The songs here are slow and slightly depressive, much like their previous works. Beautiful piano and string segments augment the quiet, lonely feelings the music evokes so well. Woods have often been called black metal or melodic black metal, but over the years they have drifted further into a kind of doom metal that verges on Gothic at times. Gold's vocals have found a deep, slow, clean place that sounds very similar to the late Peter Steele of Type O Negative. The guitars generally maintain a very slow and open sound, leaving lots of room for the atmospheric instruments to wander freely through the songs like travelers strolling along meandering paths through an ancient forest. There are still harsh and heavy moments on this album, but they're just that: moments. Rarely do the aggressive vocals or riffs linger for long before slipping back beneath the surface and vanishing.
I have always found listening to Woods of Ypres to be a very emotional experience, as many of the songs are deeply somber and introspective. Mortality often plays a major role in their lyrics, and that is true again on this record. Listening to the album with the thought hanging over my head that the man whose voice I was hearing had just died himself, though, really brought this effect to a head. It gave the entire listening experience a feeling of haunting prescience, as though he were telling the listeners that he knew he would be dead by the time they heard his words. Maybe I'm just a little too emotionally sensitive, but there were points in the record where I was honestly on the brink of tears. I don't expect that this album will affect most people that way, but it did me.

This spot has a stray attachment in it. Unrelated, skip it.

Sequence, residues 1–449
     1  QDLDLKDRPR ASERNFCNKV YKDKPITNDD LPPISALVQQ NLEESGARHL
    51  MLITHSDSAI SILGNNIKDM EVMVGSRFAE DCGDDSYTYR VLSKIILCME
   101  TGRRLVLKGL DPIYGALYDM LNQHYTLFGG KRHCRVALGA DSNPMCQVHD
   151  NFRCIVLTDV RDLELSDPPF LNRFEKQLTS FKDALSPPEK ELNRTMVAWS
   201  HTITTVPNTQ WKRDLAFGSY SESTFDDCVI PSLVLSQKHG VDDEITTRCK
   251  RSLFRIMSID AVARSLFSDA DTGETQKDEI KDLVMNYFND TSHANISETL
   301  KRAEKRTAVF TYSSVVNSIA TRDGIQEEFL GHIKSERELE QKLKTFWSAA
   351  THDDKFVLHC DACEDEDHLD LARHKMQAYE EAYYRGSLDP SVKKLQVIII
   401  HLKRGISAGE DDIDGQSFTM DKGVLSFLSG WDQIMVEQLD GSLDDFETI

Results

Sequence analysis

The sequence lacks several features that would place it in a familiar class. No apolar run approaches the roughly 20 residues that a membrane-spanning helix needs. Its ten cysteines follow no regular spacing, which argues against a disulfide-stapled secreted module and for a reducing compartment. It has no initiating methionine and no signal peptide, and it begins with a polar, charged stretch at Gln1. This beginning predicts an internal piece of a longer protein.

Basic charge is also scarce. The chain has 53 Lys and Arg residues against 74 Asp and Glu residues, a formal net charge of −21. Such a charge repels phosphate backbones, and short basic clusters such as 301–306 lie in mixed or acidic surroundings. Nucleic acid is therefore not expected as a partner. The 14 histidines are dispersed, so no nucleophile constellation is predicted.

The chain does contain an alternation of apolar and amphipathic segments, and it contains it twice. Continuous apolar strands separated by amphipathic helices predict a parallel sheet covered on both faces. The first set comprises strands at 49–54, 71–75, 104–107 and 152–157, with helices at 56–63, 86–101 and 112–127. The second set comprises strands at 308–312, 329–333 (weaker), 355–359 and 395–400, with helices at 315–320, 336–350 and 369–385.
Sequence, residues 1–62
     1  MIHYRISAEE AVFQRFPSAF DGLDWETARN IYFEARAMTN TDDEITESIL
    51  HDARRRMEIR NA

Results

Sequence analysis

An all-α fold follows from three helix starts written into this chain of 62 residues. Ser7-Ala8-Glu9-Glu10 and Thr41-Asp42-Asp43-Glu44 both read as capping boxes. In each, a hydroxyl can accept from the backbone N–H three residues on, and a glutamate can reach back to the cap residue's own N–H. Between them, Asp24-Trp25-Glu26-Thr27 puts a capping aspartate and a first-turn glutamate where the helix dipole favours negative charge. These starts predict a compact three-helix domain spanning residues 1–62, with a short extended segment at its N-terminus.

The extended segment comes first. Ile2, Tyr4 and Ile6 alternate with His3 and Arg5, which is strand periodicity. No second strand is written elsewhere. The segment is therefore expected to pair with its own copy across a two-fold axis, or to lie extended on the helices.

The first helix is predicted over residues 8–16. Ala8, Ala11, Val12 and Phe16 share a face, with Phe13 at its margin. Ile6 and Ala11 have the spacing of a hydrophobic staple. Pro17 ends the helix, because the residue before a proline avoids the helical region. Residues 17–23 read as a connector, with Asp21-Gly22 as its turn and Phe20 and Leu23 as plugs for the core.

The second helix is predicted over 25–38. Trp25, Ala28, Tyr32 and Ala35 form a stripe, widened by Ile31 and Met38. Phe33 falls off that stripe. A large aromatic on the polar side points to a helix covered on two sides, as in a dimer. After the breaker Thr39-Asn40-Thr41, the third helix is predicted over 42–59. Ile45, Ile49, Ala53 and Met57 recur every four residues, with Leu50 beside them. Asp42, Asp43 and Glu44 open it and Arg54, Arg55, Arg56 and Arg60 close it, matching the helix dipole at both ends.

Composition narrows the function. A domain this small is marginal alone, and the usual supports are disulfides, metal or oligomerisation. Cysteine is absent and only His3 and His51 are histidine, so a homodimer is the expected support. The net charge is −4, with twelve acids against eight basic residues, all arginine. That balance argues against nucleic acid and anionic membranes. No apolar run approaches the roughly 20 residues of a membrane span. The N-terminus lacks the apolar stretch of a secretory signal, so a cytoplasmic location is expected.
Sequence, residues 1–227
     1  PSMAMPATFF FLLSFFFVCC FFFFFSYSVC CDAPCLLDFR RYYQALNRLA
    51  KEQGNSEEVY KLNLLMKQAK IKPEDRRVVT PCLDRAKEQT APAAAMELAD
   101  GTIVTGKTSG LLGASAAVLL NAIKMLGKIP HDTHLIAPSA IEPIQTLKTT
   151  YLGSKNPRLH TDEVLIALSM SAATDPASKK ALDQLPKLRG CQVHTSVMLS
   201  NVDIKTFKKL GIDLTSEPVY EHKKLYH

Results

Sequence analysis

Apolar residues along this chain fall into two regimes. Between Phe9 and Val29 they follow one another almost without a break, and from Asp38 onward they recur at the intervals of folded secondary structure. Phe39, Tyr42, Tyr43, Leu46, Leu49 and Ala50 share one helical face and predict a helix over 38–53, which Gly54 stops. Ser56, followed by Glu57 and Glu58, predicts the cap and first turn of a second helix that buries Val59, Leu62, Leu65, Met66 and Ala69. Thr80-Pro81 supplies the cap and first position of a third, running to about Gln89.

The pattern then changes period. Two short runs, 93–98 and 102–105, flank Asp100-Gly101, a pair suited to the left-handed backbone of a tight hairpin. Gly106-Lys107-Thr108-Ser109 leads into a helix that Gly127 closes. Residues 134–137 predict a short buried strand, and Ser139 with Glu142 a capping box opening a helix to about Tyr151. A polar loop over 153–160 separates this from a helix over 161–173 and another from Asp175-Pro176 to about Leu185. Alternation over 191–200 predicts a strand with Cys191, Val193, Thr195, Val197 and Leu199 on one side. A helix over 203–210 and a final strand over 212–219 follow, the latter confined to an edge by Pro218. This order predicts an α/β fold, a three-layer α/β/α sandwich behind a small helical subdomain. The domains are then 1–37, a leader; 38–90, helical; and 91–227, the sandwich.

Yes, I'm biased. Still, this is an early contender for my pick as album of the year for 2012.